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Five Questions About the Tigers

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The Tigers come into this series having won only 7 of their last 20 games and are even with the Indians, two losses out of the Wild Card.

I exchanged some emails with Ian Casselberry of Bless You Boys, and asked him some questions about the suddenly listless AL champs.  

To see my responses to his questions you can click here.

1)  The Tigers have been in a terrible rut of late.  They've been outscored 185 to 145 since the All-Star Break.  What needs to change for the Tigers to get back on track?

First of all, they need to get better starting pitching.  The Tigers' recent streak of poor starts seems to have come to an end in the last couple of games, but there have been so many games during this bad stretch where they were down by two or three runs before the lineup even had its turn at bat.  Justin Verlander and Jeremy Bonderman need to pitch as well as they're capable of doing, and the rest of the rotation needs to get back healthy.

And really, that's probably the ultimate solution for the entire team.  The pitching staff will improve once Kenny Rogers and Andrew Miller return to the rotation, and the bullpen will get a huge boost once Joel Zumaya comes back.  But the lineup needs to heal up, too.  The Tigers had trouble scoring runs while Gary Sheffield was out, so they definitely need him out there every day.  Same with Marcus Thames.  The Tigers missed his power.  Carlos Guillen also seems to be wearing down a bit, which is surely why Detroit was interested in Jack Wilson at the trade deadline.  But I think Jim Leyland will try to do all he can to get Guillen's legs some rest, whether it's playing him at first base or DH, or giving him a day off.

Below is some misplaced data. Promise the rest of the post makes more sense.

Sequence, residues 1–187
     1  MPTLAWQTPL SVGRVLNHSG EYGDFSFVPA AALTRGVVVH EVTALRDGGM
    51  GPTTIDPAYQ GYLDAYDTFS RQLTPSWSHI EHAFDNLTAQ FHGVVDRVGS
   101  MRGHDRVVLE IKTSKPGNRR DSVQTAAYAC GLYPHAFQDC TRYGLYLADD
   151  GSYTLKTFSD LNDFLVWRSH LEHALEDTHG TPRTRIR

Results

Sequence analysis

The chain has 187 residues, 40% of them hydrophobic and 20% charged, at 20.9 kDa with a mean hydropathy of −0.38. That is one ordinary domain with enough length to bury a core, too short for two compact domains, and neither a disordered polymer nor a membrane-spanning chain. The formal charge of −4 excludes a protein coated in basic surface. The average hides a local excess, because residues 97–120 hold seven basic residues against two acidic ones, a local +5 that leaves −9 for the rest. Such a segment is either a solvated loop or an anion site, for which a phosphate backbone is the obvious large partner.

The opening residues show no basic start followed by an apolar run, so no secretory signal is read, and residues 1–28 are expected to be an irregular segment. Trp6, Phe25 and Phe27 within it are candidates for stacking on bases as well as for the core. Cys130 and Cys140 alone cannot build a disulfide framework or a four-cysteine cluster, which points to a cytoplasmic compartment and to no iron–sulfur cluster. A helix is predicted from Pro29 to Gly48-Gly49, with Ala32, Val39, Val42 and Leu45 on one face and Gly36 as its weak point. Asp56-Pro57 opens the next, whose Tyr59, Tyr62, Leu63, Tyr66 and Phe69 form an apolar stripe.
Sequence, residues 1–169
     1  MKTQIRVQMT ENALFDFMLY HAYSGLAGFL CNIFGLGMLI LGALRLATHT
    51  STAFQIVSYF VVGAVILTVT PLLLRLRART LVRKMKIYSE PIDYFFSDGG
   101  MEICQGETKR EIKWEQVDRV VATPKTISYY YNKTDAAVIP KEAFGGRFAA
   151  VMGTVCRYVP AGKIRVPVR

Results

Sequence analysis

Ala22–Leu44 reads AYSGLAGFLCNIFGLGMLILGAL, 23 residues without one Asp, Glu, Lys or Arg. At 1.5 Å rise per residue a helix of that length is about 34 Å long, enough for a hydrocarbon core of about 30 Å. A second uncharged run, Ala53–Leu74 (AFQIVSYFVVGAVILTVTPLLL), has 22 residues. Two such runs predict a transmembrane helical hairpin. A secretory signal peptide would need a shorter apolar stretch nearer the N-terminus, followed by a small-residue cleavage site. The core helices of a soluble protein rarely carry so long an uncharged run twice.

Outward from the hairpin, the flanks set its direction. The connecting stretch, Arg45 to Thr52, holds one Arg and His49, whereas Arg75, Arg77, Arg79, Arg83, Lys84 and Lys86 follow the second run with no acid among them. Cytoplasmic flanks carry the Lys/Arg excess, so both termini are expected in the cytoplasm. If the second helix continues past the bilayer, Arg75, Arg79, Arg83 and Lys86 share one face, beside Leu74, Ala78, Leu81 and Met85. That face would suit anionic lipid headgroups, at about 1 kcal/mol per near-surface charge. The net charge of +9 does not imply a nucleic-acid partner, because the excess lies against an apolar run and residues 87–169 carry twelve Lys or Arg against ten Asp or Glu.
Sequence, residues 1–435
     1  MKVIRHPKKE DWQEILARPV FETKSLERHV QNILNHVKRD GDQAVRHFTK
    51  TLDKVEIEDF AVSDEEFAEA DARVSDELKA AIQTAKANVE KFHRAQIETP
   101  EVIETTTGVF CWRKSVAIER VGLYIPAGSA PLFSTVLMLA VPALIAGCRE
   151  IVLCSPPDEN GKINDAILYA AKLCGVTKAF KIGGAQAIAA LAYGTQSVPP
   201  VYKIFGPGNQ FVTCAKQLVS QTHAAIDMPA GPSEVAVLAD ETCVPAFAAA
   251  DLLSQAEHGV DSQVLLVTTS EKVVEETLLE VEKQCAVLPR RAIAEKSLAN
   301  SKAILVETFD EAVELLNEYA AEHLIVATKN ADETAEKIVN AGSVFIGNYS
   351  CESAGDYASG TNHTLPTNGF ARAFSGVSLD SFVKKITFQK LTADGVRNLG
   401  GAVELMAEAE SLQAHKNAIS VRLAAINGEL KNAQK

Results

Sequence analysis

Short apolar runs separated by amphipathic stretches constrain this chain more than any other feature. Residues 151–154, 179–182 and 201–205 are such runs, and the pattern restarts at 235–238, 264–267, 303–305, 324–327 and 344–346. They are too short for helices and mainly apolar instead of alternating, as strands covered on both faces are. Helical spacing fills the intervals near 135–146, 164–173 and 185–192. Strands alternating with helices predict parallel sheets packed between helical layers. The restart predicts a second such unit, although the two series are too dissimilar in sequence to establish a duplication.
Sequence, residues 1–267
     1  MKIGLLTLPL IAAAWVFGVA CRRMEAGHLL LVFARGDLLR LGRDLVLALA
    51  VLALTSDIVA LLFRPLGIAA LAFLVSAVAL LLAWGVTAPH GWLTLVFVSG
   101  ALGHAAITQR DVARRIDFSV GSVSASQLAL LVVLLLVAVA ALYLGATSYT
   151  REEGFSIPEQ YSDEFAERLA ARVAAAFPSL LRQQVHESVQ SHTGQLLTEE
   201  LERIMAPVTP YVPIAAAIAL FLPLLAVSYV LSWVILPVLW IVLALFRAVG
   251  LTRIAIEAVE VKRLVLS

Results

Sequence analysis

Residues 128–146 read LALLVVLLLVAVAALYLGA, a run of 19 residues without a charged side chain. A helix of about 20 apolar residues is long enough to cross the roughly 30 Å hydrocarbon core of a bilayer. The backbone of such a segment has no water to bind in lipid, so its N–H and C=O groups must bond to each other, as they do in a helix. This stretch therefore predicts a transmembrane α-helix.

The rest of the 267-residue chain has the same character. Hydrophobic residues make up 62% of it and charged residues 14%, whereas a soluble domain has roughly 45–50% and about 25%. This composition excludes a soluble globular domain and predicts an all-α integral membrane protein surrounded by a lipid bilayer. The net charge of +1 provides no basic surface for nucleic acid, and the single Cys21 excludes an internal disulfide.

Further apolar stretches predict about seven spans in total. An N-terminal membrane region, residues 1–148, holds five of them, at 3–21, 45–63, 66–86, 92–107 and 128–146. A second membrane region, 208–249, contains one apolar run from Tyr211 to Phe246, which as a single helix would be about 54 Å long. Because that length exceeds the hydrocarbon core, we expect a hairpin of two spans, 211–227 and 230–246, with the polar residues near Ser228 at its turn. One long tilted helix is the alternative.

2)  Your front office was quiet at the deadline.  Are Tiger fans on board with that decision?  What moves would you like to see in the offseason (signings or trades)?

For a couple of weeks there - leading up to the deadline and directly afterwards - I think the Tigers fan base was pretty polarized when it came to making a deal.  There were some people who didn't want to see Detroit give up any more of its prized prospects, especially for a player who would end being a two-month rental.  Not when the team's two best relievers, Fernando Rodney and Joel Zumaya, were set to come back.  Others - and I would include myself in this group - felt that the bullpen was the primary reason the Tigers were losing games, and the front office absolutely had to do something to fix it before a playoff spot was lost.  

In hindsight, however, I think everyone has realized that the Tigers played it just right.  Eric Gagne's been brutal for the Red Sox, Octavio Dotel went on the disabled list, and teams like the Nationals were just asking for too much in return for their relievers.  Meanwhile, Detroit's bullpen has already improved significantly just by getting a fully healthy Rodney back.  He's been fantastic.  Zumaya's set to return in a week or two, and if he can be close to what he was last season, that bullpen suddenly looks very good again.  

As far as offseason moves, the Tigers need to improve at two of three positions: First base, shortstop, and left field.   They need more extra-base power than Sean Casey is giving them, but could solve that problem by moving Carlos Guillen over to first base.  Picking up a true power-hitting first baseman would be preferable, but if the Tigers can upgrade defensively at shortstop next season, they seem to be content with the lesser offense that will likely come with that.  I wonder if they might need to sign a veteran starting pitcher, as well, but all of the spots in next year's rotation could already be spoken for.